Newspaper article The Florida Times Union
Yeaman as Clay Paints Vivid Story of County's History
Byline: BRIAN KELLEY
As he paced the front of the room, 19th-century statesman Henry Clay began his speech by making an observation about his audience's "strange clothing."
"Women wearing breeches, men with their locks cut off, shoes with no buckles," he mused.
Of course, it wasn't actually the famous American politician. It was local historian and storyteller Art Yeaman, appearing recently at the Clay County Headquarters Library in Fleming Island as the former Secretary of State.
The event, which was organized by Friends of the Fleming Island Library, was held in celebration of the county's sesquicentennial anniversary. Darlene Page, adult program coordinator at the library, said she hoped the performance would spark people's interest in history and inspire further reading.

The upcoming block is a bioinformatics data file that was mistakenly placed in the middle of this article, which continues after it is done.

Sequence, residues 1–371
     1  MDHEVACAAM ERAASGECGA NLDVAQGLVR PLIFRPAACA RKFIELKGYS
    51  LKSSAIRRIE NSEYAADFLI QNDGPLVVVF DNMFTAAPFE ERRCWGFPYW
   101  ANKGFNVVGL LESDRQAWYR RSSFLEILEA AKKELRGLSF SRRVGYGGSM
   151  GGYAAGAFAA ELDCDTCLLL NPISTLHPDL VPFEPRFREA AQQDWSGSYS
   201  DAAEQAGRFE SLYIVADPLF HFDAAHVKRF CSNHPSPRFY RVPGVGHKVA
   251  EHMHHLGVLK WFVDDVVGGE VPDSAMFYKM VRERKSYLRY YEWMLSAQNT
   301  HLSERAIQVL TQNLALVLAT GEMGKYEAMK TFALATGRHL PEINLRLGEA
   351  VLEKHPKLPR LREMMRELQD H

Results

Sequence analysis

"It's to learn about Clay County and that it's named after a famous statesman and not the soil," she said.
The presentation was one of the library's monthly adult programs, which are meant to raise awareness of the library and what it has to offer.
Dressed in attire straight out of the 1800s, and sporting a historically accurate limp, Yeaman gave a synopsis of Clay's life story in the first person. He began with his childhood in Virginia and continued through his extensive service in government.
Clay, the county's namesake, served in the Kentucky state legislature, and he also represented Kentucky in both the U.S. Senate and the House of Representatives. He served as John Quincy Adams' secretary of state, and he famously ran for president of the United States three times without success. …